We included three chordoma patient cohorts in this study. The discovery analysis (RNA-Seq cohort) included 48 patients who were diagnosed with skull-base chordoma and underwent endoscopic endonasal surgeries at the Neurosurgery Department of Beijing Tiantan Hospital, Capital Medical University (Beijing, China), between June 2016 and May 2018. Fresh-frozen tumor samples and clinicopathological characteristics, including age, tumor histologic type, tumor volume, Ki67 status, gross resection rate, pre-surgery radiotherapy (RT), post-surgery RT, recurrence, and death status, were collected. The chordoma diagnosis was confirmed with brachyury staining for the majority of patients and was confirmed by morphology in combination with cytokeratin and epithelial membrane antigen markers for the remaining patients without brachyury staining data. The survival cohort was derived from a retrospective cohort of 507 patients with skull-base chordoma who were also treated at the Beijing Tiantan Hospital between January 2008 and September 2014. The current analysis included 312 patients with chordoma tumors constructed on tissue microarrays (TMA) and clinical follow-up data were collected. The study protocols were conducted in accordance with the Declaration of Helsinki and approved by the ethics committee of the Beijing Tiantan Hospital, and written informed consent was obtained for all study participants.

The replication cohort (NanoString cohort) included patients with chordoma, unselected for tumor site, identified from the United States (U.S.) and Canada who participated in an ongoing sporadic chordoma study conducted at the National Cancer Institute, which has been previously described (13). All diagnoses of chordoma were confirmed by reviewing pathologic slides or reports, medical records, or death certificates, and all study subjects were of European ancestry. The current analysis included 48 patients whose RNA was extracted from formalin-fixed paraffin-embedded (FFPE) tumors and passed all quality control measures in the expression-profiling analysis using a Nanostring custom-made panel. The average age at diagnosis among these 48 patients was 50 years; the vast majority (98%) had classic chordoma histology, and 48.9% had skull-base chordoma. The study was approved by the institutional review boards at the National Institutes of Health and all participants provided written informed consent.

RNA-Seq and whole-genome sequencing analysis

Biospecimen collection, quality control, and tissue processing steps were described previously (14). For total RNA extraction, fresh-frozen tissue sections were processed with TRizol (Thermo Fisher Scientific) according to the manufacturer's instructions. RNA was run on 1% agarose gels to check for degradation and contamination. RNA quality and quantity were assessed using the RNA Nano 6000 Assay Kit of the Bioanalyzer 2100 system (Aligent Technologies). RNA samples with an integrity number (RIN) of over 6.8 were included for transcriptome library preparation and sequencing. RNA-Seq was carried out by the Novogene Corporation using Illumina Hiseq as previously described (14). Raw data in fastq format were processed by removing reads containing adapters or ploy-N and low-quality reads. Fastqc was used for quality control process (http://www.bioinformatics.babraham.ac.uk/projects/fastqc/). Short reads were then mapped to hg19 genome and gene expression was further quantified as TPM (transcripts per million) using RSEM with default parameters (https://github.com/deweylab/RSEM), and log2TPM was used for statistical analyses.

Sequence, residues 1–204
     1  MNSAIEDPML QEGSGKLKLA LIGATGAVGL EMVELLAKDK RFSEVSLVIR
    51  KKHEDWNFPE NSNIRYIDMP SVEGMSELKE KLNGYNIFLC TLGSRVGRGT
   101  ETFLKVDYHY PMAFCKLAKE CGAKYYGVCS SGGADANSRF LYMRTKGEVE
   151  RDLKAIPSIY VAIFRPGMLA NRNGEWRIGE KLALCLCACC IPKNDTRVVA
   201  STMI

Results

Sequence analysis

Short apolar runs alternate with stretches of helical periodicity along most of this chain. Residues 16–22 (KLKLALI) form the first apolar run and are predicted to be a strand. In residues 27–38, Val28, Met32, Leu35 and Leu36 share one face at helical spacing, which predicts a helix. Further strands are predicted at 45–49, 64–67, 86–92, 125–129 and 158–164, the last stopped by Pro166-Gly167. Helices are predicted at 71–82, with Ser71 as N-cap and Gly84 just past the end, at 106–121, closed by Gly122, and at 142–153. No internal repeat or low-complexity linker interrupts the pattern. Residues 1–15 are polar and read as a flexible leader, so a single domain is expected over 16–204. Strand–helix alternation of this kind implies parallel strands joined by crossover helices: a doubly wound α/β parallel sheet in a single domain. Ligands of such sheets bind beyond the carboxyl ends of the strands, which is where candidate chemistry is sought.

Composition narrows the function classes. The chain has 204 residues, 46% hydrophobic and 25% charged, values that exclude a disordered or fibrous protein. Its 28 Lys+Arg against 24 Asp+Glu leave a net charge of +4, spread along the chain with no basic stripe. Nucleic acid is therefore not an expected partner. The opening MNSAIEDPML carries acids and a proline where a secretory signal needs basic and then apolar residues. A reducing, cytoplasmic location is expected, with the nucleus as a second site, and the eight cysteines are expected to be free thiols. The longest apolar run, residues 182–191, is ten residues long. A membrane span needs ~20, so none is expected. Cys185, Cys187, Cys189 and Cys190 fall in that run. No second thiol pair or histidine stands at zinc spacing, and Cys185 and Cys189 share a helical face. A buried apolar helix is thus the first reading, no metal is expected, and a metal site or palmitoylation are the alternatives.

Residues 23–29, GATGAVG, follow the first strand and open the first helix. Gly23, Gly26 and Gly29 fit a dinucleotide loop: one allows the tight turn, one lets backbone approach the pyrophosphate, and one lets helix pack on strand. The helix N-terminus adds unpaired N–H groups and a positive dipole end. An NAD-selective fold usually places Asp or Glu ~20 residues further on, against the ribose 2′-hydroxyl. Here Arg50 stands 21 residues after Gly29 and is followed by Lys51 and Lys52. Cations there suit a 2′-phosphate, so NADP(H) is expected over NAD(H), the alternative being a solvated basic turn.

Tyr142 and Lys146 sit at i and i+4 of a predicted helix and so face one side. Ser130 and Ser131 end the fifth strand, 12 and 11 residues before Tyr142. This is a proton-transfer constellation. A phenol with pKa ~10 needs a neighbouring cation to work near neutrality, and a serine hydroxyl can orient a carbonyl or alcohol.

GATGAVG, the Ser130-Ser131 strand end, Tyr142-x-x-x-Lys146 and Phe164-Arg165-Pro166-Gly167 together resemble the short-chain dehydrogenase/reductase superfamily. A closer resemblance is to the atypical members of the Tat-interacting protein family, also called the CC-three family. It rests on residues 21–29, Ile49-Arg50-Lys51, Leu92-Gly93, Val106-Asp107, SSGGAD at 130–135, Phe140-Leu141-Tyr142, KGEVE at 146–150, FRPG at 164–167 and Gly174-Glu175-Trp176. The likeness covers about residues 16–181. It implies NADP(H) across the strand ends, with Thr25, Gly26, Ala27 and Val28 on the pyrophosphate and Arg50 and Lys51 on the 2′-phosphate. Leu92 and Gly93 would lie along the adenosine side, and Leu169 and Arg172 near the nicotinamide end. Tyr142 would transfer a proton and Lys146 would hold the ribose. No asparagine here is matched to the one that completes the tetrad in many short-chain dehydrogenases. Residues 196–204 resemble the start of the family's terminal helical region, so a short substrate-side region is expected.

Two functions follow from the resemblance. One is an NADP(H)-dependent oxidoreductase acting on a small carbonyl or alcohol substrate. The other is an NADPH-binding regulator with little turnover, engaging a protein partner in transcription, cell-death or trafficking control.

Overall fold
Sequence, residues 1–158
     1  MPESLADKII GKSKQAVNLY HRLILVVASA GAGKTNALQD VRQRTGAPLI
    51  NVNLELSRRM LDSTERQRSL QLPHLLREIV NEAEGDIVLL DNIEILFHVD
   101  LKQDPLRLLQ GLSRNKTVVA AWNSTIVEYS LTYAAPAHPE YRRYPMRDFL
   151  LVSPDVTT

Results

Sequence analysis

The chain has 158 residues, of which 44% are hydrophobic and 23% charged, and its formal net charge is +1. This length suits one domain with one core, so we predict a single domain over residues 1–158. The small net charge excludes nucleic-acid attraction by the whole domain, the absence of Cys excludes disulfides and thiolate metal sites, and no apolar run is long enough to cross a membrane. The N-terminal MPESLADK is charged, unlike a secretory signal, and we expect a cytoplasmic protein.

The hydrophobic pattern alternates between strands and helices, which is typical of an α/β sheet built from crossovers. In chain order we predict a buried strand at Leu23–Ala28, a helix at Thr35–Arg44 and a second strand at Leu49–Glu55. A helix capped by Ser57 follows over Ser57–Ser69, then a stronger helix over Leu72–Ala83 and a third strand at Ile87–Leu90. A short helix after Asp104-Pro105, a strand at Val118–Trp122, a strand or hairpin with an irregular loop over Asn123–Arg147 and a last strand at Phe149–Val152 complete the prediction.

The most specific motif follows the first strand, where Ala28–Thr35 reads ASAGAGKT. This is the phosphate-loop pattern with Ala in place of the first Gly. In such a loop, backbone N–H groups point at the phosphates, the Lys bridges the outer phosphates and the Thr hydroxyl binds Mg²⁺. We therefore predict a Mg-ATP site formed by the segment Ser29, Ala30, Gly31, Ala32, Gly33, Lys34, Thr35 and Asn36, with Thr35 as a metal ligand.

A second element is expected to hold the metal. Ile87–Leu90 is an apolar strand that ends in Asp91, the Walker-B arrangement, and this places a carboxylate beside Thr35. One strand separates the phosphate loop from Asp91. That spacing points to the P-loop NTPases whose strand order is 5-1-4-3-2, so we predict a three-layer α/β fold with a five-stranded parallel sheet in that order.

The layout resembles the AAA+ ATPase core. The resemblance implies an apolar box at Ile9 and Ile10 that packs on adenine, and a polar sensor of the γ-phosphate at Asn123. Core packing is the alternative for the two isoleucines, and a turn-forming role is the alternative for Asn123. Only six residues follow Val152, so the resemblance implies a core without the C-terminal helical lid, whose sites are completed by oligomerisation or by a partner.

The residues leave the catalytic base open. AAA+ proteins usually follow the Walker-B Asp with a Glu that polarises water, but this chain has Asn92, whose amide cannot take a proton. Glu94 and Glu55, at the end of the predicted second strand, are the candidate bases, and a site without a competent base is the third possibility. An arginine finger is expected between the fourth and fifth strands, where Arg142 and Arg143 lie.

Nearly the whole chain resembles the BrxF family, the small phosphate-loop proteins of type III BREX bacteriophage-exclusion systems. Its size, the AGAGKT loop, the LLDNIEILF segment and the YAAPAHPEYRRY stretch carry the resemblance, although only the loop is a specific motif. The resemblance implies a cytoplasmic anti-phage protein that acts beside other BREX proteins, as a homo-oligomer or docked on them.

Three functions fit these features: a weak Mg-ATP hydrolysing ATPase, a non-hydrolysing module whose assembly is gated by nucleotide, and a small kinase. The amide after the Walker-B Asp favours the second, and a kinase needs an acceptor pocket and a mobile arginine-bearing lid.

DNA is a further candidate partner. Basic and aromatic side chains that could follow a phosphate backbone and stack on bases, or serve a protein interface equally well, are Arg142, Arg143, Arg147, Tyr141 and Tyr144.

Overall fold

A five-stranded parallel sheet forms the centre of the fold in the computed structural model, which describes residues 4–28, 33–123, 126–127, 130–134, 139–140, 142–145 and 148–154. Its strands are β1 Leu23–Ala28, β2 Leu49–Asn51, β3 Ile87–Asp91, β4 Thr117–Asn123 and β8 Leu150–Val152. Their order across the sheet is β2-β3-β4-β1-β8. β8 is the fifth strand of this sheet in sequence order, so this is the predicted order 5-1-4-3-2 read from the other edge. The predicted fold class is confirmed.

Whole-genome sequencing (WGS) data based on paired tumor and blood samples were available for a subset of these patients (n = 34). Sequencing and bioinformatic analyses were previously described in detail (14). Tumor purity was estimated from ESTIMATE (Estimation of STromal and Immune cells in MAlignant Tumor tissues using Expression data; ref. 15) based on RNA expression data, and mutations and copy-number alterations in the WGS analysis (14), respectively. Because purity estimated on the basis of RNA-Seq and WGS analyses showed high correlation (Pearson Correlation Coefficient = 0.69, P = 0.0004), we used RNA-based purity estimate in the downstream analysis.

Molecular classification

Unsupervised hierarchical clustering was conducted using ConsensusClusterPlus (16), based on the 2,000 genes showing the most variable expression levels in the dataset with Euclidean distance calculated from z-statistics using the R package “Complex Heatmap” (v2.10.0). For each of the 500 resampling of subjects, we sampled 80% of the subjects and clustered them using agglomerative hierarchical clustering with Pearson correlation as the distance metric. We evaluated up to 6 clusters and chose 3 consensus clusters (k = 3; CC1, CC2, and CC3) as it best fit the data. Because tumors in CC3 had lower TBXT gene expression and lower tumor purity estimated by both gene expression and WGS analyses, it is likely that this subtype is enriched with low-purity tumors. We therefore focused the subsequent analyses on CC1 and CC2 and performed differential gene expression analyses between the two subtypes. We selected 21 top-ranked differentially expressed genes (DEG) based on P values (P <10−6) and fold changes (FC, log2FC > 1), which were included in the panel for NanoString profiling analysis of FFPE tumors in the replication dataset. Gene Set Enrichment Analysis (GSEA) was performed using DEGs ranked by scores that incorporate P values and log2FC using the GSEA package developed by the Broad Institute with the use of the Molecular Signatures Database (MSigDB v7; refs. 17, 18).